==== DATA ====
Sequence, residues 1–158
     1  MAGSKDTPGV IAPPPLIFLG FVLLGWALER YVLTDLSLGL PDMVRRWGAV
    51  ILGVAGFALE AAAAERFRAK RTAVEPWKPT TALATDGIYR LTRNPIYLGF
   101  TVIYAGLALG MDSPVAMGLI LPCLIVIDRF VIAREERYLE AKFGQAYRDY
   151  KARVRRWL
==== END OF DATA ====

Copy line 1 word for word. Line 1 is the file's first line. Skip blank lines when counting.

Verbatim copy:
Sequence, residues 1–158